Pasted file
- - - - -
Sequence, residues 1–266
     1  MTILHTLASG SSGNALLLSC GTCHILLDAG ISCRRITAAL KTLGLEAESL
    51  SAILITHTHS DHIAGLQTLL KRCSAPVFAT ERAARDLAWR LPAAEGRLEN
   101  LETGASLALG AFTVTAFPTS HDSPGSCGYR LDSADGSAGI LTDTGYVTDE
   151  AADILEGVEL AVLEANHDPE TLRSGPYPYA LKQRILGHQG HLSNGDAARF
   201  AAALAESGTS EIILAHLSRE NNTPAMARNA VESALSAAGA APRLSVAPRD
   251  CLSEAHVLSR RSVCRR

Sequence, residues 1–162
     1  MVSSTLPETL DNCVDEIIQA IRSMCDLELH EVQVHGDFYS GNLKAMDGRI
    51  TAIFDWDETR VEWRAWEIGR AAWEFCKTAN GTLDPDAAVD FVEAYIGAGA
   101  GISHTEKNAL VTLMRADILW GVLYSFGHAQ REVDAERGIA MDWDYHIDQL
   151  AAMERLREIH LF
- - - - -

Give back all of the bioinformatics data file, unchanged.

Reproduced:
Sequence, residues 1–266
     1  MTILHTLASG SSGNALLLSC GTCHILLDAG ISCRRITAAL KTLGLEAESL
    51  SAILITHTHS DHIAGLQTLL KRCSAPVFAT ERAARDLAWR LPAAEGRLEN
   101  LETGASLALG AFTVTAFPTS HDSPGSCGYR LDSADGSAGI LTDTGYVTDE
   151  AADILEGVEL AVLEANHDPE TLRSGPYPYA LKQRILGHQG HLSNGDAARF
   201  AAALAESGTS EIILAHLSRE NNTPAMARNA VESALSAAGA APRLSVAPRD
   251  CLSEAHVLSR RSVCRR

Sequence, residues 1–162
     1  MVSSTLPETL DNCVDEIIQA IRSMCDLELH EVQVHGDFYS GNLKAMDGRI
    51  TAIFDWDETR VEWRAWEIGR AAWEFCKTAN GTLDPDAAVD FVEAYIGAGA
   101  GISHTEKNAL VTLMRADILW GVLYSFGHAQ REVDAERGIA MDWDYHIDQL
   151  AAMERLREIH LF